Dr. Gail Reede Jones
PLACE OF BIRTH: New York, in the borough of Queens
FANTASY DINNER GUESTS: My paternal grandparents, John Reede and Viola Frazier Reede, from whom I’d like to hear about our family’s Gullah-Geechee heritage; and my maternal grandparents, Harold and Ernestine Bran-ham, from whom I’d like to hear about our family’s Florida roots. I’d also like to hear both their personal stories about their journey north during the Great Migration.
BEST ADVICE I’VE EVER BEEN GIVEN, AND BY WHOM: I cannot remember the best, but I can recall the one I think of often: “You cannot prevent or stop someone from insulting you, and they must also know they cannot prevent or determine how you respond to their insult. Haters never run out of material.” – My husband, Jesse Mason.
A FAMOUS SAYING IS “PHYSICIAN, HEAL THYSELF.” I SAY: When patients ask if their problem is related to aging — “Patient, yes. Most everything is related to the aging process and the initial elements started prior to conception. Patient, be aware!”
THE BOOKS ON MY NIGHTSTAND: News of the World — Paulette Jiles; Between the World and Me — Ta-Nehisi Coates; The Color of Law: A Forgotten History of How Our Government Segregated America — Richard Rothstein; and The Well-Educated Mind: A Guide to the Classical Education You Never Had — Susan Wise Bauer.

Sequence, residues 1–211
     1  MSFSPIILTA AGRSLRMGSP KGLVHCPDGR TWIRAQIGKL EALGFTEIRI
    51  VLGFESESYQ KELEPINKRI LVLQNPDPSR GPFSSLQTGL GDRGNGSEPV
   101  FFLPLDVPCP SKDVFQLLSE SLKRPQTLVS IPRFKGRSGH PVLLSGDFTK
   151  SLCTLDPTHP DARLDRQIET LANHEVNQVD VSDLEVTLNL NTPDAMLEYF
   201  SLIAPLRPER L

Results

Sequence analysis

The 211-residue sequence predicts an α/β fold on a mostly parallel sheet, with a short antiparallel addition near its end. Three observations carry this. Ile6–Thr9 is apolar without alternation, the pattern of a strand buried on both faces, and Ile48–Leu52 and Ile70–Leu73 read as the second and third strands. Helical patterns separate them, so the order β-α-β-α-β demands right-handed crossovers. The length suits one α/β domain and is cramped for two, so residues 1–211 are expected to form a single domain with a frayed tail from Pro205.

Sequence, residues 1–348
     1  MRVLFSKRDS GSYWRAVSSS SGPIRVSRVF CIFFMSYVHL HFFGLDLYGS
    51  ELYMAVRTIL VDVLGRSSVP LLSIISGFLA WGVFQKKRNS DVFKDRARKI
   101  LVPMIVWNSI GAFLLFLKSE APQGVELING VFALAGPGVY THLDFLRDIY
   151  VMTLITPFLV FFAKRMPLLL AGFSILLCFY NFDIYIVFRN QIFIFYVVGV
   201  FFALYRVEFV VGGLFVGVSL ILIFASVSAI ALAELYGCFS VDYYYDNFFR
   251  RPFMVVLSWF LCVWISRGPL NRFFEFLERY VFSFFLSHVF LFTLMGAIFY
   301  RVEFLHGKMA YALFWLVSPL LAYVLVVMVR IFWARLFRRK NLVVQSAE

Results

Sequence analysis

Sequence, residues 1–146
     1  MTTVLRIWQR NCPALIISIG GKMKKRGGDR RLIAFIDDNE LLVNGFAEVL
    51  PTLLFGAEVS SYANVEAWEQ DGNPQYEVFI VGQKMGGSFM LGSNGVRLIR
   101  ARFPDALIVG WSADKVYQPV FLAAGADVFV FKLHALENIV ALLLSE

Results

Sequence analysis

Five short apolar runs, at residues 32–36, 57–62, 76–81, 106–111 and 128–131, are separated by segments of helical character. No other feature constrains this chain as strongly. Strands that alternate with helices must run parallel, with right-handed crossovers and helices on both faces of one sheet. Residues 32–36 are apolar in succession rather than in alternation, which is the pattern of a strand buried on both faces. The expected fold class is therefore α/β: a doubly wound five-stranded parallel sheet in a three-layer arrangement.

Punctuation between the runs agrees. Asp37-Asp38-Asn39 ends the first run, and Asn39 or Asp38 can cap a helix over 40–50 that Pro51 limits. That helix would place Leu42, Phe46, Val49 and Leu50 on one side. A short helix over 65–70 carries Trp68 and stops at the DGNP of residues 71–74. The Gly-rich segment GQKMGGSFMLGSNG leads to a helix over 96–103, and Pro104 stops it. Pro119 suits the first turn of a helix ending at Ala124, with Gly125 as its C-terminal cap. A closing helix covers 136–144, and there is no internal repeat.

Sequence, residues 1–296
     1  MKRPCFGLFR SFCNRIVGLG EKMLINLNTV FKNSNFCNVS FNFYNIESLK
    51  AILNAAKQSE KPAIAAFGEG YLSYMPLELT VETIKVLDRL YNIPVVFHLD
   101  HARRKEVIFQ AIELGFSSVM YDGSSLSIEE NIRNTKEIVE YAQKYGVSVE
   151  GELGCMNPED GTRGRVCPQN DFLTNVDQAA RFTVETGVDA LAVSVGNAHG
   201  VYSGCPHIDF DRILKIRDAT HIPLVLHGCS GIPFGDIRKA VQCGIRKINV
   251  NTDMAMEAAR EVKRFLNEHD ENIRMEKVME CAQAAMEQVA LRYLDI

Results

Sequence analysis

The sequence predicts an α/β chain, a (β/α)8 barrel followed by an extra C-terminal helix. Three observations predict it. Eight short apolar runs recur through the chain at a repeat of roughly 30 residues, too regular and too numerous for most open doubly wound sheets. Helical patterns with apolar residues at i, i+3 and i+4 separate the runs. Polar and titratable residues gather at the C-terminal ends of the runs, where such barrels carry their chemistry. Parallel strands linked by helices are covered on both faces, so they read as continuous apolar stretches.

WHAT I MOST WISH PEOPLE WOULD REALIZE ABOUT ME: Many of my daily encounters are with people I have never met before who must reveal their lives and bodies to me … and I have less than 60 seconds to establish a trusting relationship. I give great respect to that person and am grateful for their confidence in me.
LIFE IS LIKE A DOCTOR’S OFFICE IN THAT: We are constantly working on losing the “wait.”
ONE WORD TO SUM ME UP: Unscripted
“In certain families, you got to a certain age, you need shoes, you find a way to go and work so you can buy your shoes. You want a new dress? I guess you can go on and get out there and put in the time to get … the funds to do that.”